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372 result(s) for "Mackenzie, Debora"
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COVID-19 : the pandemic that never should have happened and how to stop the next one
In a gripping, accessible narrative, a veteran science journalist lays out the shocking story of how the COVID-19 coronavirus pandemic happened and how to make sure this never happens again.
COVID-19 : the pandemic that never should have happened, and how to stop the next one
Over the last 30 years, we learned every lesson needed to stop this coronavirus outbreak in its tracks. We heeded almost none of them. The result is a pandemic on a scale never before seen in our lifetimes. Here, science journalist Debora MacKenzie lays out the full story of how and why it happened: the previous viruses that should have prepared us, the shocking public health failures that paved the way, the failure to contain the outbreak, and most importantly, what we must do to stop this happening again. Offering a compelling history of the most significant recent outbreaks, including SARS, MERS, H1N1, Zika, and Ebola, MacKenzie outlines the lessons we failed to learn from each past crisis. But looking forward, she makes a bold, optimistic argument : this pandemic might finally galvanize the world to take viruses seriously. No one has yet brought together our knowledge of Covid-19 in a comprehensive, informative, and accessible way. But that story can already be told, and Debora MacKenzie's urgent telling is required reading for these times and beyond. Fighting this pandemic and preventing the next one will take political action of all kinds, globally, from governments, the scientific community, and individuals -- and if we act now, it is possible.
ESWI pandemic preparedness summit: where science and policy meet
Fig. 2 The majority of emerging infectious diseases are zoonotic, and their frequency is increasing Research conducted to determine the natural reservoir of viruses discovered that bats are reservoirs for more than ten virus families, including a high proportion of coronaviruses, some of which have a high risk of jumping to other species. [...]all human coronaviruses have an animal origin; mostly bats and rodents. [...]certain pre-emptive strategies are needed, such as (in surveillance and precaution) pathogen discovery, genomics characterisation, mutation & evolutionary analysis, epidemiology testing, and predictive modelling; or (in pathogen biology) looking at structure & function, entry & replication mechanisms, infection models, pathogenesis, and cross-species risk assessment; and (countermeasures) development of diagnostic methods, antivirals & antibodies, and vaccines. Dr. Wolfgang Philipp, HERA, Belgium HERA – the Health Emergency Preparedness and Response Authority – was created during the current pandemic with a strong legal basis for coordination and response at the EU level to health threats.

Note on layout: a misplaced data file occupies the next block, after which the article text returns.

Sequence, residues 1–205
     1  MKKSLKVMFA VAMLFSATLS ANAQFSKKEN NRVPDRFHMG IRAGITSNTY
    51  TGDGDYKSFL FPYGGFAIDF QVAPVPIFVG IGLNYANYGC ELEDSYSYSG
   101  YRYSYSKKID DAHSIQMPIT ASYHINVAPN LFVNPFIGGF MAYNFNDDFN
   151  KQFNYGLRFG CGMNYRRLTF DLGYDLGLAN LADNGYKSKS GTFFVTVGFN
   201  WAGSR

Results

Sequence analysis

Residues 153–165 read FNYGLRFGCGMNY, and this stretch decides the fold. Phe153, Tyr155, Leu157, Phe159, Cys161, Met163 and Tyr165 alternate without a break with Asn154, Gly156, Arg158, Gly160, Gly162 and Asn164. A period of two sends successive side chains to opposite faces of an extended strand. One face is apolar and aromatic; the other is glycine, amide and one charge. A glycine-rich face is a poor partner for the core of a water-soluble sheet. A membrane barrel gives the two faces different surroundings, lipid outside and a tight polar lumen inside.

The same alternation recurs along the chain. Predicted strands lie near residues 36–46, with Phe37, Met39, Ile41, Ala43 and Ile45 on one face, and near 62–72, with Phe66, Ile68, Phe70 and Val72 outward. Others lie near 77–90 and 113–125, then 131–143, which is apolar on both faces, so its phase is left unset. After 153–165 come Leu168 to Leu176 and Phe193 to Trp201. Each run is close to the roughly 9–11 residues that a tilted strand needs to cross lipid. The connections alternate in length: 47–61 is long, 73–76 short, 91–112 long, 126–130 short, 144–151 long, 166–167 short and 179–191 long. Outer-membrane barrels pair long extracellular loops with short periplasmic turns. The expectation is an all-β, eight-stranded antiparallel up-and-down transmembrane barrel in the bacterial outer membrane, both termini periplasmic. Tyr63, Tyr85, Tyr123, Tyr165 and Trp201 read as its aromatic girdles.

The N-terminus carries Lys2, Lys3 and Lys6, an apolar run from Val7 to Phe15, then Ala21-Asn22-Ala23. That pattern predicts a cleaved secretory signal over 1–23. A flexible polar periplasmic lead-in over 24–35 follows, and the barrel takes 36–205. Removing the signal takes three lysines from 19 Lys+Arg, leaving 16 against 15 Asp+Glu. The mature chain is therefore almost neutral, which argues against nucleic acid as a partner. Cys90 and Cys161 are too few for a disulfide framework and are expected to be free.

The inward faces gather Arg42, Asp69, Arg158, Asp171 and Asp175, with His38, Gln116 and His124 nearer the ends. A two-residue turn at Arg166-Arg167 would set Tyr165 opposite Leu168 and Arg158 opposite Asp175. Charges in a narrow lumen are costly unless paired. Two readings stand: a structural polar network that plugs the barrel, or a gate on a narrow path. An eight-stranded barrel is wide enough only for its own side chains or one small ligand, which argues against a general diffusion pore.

How Life Works — why there’s more to it all than DNA
In 1953, Watson and Crick, famed publishers of its double helix structure, called it the secret of life — as though “life itself somehow inheres in the DNA molecule”, Ball complains, like a latter-day soul. Biology’s crusade to “find the gene” for traits from aggression to cancer has so often failed possibly because it was the wrong question: the real controls can be way above genes in the hierarchy from cell to organism. How Life Works: A User’s Guide to the New Biology by Philip Ball, Picador £22, 560 pages Join our online book group on Facebook atFT Books Caféand subscribe to our podcastLife & Artwherever you listen Debora Mackenzie
WORLD'S MAMMALS ARE IN CRISIS, RED LIST REVEALS
\"We have identified the most important threats and the species most likely to go extinct if we continue as we are now: 188 species are critically endangered, of which 29 are possibly extinct,\" he says. \"I hope this assessment will be seen as a call to action.\" The rest are not out of the woods. Six per cent of all mammal species are \"near threatened\", having lost large parts of their ranges, such as the brown bear. Half of all species for which the scientists have data have shrinking populations, including a fifth of species classed as \"of least concern\" - meaning things will just get worse. Only 5% are increasing, like the European bison. In south and southeast Asia, 80% of primates are threatened. Worldwide the bigger mammals are the most threatened. They may be what conservationists call \"charismatic megafauna\", but they also make a larger target for hunters.